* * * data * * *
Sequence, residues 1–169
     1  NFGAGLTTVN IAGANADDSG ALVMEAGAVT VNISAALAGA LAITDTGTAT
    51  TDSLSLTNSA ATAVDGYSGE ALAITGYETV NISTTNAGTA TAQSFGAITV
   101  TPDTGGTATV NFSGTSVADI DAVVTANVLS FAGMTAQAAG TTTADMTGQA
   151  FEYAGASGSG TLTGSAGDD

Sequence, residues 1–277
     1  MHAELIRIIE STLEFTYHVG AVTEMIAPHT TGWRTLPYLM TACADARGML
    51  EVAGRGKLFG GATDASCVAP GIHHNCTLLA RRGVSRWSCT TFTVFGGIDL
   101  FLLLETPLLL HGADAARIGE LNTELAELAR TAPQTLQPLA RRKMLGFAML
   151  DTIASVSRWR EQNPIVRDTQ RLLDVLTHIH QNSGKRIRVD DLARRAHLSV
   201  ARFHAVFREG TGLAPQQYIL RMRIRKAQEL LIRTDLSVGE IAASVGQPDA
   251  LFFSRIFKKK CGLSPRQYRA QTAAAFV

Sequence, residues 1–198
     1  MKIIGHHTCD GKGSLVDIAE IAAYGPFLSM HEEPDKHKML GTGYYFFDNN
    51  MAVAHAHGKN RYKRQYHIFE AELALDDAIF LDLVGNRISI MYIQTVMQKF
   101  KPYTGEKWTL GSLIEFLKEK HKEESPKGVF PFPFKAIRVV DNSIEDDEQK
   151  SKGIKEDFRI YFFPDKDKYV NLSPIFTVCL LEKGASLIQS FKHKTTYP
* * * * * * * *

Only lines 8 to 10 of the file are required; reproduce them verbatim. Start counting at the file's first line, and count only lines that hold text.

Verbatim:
    51  EVAGRGKLFG GATDASCVAP GIHHNCTLLA RRGVSRWSCT TFTVFGGIDL
   101  FLLLETPLLL HGADAARIGE LNTELAELAR TAPQTLQPLA RRKMLGFAML
   151  DTIASVSRWR EQNPIVRDTQ RLLDVLTHIH QNSGKRIRVD DLARRAHLSV